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What on Infinite Earths is: Ex Machina

G D Penman By G D Penman Published on February 14, 2016

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Buckle up folks because this is a weird one. Ex Machina is a superhero comic, a political drama in the style of the West Wing, an alternate history and a science fiction story. All of these separate elements weave in and out as the plot progresses and from page to page you are not sure which is going to be centre stage or how the separate parts of Mitchell Hundred’s life are going to overlap next. Aided and abetted by the constant flashbacks to earlier points in his life to help better explain the current event. Usually all of these elements crammed into a book together would be chaotic but in Ex Machina the plot flows smoothly, there is clearly a progression in what information is exposed to us and the way that we see characters from scene to scene is coloured by which particular part of history we saw last.

Mitchell Hundred is the mayor of New York city when the comic begins, having run as an independent candidate in the most notorious two party system in the world and won. So far, so suspicious. We eventually find out the reason for Mayor Hundred’s unexpected success. After an accident involving an unknown, possibly alien piece of technology he was infused with the ability to communicate with machines, he used this ability as the basis for a brief and extremely unsuccessful career as a superhero that culminated in the terrorist attacks of September the 11th where he managed to stop one of the planes from hitting the World Trade Centre. He promptly retired and parleyed his unprecedented popularity and celebrity into votes.

The day to day running of the city forms the backbone of the plot but the major mystery of the story is inevitably tied to the source of Hundred’s powers. As time goes by more and more of that mystery is revealed, generally at a rate of about one answer for every three new questions. Mitchell Hundred remains a fairly heroic character throughout the arc, his political influences throughout the story are made obvious and the inspiration to become a superhero is very cleanly described in those few flashbacks to his early youth, loitering around a comic book store with his elderly father figure.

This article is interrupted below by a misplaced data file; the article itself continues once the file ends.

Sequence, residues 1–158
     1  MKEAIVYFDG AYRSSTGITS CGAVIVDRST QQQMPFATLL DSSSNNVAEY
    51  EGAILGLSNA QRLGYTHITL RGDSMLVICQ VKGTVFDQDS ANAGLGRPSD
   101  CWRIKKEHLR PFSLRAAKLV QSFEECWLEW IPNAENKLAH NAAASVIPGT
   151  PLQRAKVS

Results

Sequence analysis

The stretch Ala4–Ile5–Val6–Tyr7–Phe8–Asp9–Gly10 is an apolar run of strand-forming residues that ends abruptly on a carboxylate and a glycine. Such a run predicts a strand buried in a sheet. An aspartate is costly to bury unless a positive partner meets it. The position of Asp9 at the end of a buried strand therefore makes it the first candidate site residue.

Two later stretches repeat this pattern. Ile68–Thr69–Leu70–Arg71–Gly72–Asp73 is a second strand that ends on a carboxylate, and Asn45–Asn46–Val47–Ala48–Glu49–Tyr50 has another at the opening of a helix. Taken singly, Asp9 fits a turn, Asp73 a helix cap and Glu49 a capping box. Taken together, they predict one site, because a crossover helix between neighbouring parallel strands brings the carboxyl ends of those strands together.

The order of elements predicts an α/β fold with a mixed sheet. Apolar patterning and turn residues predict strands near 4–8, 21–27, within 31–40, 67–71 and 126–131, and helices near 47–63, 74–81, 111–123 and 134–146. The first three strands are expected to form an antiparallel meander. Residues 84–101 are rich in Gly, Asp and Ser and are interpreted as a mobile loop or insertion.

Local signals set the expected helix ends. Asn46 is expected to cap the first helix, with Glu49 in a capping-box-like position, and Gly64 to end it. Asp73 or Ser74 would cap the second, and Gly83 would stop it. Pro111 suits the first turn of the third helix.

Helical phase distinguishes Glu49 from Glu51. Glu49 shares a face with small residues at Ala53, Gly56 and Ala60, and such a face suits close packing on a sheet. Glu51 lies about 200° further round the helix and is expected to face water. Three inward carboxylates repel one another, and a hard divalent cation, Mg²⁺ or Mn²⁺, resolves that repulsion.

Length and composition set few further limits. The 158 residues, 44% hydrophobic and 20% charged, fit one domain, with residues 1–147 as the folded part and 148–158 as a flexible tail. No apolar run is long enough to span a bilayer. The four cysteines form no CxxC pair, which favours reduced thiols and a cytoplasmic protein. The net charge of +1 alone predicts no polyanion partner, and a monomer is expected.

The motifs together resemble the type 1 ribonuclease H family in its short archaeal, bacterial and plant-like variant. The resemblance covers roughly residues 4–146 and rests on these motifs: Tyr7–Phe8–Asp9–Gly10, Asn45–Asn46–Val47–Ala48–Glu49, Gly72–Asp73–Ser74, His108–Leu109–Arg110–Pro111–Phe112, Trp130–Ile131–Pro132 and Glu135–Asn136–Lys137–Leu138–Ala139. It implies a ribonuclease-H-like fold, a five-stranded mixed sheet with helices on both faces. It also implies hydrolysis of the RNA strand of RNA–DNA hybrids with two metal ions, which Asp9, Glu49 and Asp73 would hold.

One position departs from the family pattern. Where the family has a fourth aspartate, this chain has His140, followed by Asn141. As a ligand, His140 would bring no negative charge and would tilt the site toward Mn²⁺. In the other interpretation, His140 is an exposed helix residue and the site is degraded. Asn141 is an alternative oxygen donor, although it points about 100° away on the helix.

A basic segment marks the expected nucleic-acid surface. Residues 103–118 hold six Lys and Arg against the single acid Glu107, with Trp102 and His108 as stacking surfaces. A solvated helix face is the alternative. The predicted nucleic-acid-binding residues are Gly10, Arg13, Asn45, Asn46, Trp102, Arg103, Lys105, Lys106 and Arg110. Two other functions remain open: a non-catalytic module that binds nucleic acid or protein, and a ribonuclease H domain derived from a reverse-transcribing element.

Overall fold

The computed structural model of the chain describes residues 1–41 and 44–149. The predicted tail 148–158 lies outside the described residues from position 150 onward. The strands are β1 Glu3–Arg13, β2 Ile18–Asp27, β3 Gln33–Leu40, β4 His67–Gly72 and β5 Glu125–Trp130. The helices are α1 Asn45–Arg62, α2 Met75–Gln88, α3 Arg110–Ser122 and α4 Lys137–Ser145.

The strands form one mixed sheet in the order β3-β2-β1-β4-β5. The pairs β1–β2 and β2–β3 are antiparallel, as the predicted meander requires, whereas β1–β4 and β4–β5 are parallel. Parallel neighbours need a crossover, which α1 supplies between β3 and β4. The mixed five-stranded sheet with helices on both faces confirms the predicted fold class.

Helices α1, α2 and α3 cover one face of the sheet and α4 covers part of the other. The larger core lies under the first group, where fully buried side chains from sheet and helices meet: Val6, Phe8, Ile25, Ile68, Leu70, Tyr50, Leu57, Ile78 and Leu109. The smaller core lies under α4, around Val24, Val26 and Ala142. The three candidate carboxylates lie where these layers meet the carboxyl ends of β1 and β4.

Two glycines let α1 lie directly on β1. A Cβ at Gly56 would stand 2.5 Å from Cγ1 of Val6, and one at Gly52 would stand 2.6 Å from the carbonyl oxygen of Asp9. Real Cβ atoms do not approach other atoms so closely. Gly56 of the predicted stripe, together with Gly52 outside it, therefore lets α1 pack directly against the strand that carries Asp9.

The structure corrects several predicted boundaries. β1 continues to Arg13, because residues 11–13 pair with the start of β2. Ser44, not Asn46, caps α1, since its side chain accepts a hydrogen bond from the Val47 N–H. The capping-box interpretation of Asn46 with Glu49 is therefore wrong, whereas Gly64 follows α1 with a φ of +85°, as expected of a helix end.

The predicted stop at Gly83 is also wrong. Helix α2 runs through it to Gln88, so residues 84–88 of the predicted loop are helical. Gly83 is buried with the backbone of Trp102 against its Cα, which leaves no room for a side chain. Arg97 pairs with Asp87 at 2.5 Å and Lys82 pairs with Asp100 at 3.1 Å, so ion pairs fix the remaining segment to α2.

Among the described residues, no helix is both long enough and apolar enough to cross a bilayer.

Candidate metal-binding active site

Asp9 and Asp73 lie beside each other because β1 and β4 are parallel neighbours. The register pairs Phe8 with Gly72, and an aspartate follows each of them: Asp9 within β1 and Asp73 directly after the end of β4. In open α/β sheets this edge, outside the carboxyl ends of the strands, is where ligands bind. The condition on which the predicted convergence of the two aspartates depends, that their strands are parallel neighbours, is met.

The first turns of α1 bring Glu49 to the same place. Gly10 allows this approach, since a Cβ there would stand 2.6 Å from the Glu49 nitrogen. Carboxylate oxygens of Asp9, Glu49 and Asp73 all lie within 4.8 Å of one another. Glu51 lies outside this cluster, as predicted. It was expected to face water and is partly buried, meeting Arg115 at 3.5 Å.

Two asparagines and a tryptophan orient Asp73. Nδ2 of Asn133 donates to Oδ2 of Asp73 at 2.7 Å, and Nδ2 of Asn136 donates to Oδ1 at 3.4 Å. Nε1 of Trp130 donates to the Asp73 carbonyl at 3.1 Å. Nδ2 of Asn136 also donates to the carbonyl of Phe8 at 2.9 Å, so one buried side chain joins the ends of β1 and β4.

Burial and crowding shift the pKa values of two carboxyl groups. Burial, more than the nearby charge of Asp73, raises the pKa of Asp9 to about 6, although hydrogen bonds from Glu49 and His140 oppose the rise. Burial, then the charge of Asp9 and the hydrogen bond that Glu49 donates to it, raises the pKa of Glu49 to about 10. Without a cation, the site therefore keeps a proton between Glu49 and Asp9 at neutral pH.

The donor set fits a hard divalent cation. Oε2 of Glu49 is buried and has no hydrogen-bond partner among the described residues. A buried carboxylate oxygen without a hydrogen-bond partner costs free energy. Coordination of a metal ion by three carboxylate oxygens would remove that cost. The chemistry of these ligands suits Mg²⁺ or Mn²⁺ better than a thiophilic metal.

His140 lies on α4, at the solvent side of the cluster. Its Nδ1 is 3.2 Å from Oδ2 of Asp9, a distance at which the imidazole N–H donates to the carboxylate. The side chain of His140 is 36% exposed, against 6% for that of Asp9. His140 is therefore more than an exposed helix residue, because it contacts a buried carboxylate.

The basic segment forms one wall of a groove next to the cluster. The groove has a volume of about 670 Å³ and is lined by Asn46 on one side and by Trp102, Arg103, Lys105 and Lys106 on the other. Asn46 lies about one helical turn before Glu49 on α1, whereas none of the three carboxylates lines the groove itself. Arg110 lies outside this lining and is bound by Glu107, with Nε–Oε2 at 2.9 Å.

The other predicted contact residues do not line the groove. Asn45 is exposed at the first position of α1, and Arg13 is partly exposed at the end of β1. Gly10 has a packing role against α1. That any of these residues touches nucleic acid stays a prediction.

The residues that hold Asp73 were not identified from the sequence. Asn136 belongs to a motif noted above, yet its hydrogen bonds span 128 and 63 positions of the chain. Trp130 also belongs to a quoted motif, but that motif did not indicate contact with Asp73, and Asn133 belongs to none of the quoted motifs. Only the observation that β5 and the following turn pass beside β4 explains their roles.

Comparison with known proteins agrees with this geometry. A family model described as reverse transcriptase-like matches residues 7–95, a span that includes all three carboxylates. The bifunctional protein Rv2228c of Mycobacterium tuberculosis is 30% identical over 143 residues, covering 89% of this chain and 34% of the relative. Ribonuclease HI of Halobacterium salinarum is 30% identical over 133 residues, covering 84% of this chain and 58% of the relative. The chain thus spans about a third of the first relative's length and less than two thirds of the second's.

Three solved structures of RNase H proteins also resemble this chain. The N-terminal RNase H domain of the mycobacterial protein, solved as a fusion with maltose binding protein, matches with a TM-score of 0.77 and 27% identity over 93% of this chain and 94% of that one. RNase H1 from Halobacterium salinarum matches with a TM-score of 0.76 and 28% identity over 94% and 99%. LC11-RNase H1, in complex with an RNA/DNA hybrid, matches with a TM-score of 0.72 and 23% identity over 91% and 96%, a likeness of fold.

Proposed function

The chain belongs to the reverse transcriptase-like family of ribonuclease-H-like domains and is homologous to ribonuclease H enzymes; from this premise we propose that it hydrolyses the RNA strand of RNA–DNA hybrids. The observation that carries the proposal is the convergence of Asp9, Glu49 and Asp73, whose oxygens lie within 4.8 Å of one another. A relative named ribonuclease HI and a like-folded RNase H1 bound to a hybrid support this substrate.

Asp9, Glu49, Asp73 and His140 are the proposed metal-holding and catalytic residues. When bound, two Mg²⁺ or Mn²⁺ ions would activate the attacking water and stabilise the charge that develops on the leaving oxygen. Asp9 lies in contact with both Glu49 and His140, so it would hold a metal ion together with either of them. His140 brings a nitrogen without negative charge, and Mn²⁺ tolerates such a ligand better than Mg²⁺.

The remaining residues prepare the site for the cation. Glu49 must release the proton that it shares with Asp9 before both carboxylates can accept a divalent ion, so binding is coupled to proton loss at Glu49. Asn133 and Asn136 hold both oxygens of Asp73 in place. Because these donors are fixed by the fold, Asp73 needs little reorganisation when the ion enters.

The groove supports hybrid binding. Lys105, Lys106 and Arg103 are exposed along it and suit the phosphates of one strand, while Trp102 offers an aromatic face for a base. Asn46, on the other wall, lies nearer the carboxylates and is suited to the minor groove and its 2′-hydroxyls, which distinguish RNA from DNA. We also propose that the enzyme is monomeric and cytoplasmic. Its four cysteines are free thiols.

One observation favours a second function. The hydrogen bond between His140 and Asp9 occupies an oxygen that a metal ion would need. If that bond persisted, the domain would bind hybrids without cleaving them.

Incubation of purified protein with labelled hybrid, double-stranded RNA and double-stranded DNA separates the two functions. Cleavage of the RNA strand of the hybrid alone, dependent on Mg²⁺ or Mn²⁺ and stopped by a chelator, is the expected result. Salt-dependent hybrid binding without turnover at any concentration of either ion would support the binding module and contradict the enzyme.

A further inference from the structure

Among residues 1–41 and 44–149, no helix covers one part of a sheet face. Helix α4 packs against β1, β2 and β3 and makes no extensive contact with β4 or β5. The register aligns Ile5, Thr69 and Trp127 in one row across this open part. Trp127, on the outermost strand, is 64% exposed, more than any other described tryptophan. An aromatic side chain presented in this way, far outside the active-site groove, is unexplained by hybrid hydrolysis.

The politician and the vigilante are treated as two opposing paths for Hundred. He wants to make changes to the world and to do good in the traditional way, rather than by invoking powers that he doesn’t truly understand. Meanwhile problems keep on arising that it seems can only be dealt with by his heroic alter-ego. Add to the mix the threat of his arrest if he resumes his vigilante activities and the inevitable end to his political career it is easy to see where his internal conflict lies. In fact it is only at the very end of the story that his true nature is revealed and the dichotomy of his personal powers and political powers merge. I won’t spoil that dramatic reveal for you, whether he is a politician or a hero by the end of the story is for you to discover and it is well worth the investment of time for you to do so. 

G.D. Penman writes about queer monsters for a living. He is the author of Call Your Steel, The Year of the Knife, Heart of Winter, Apocrypha and many other books. He is also a full-time freelance ... Show More

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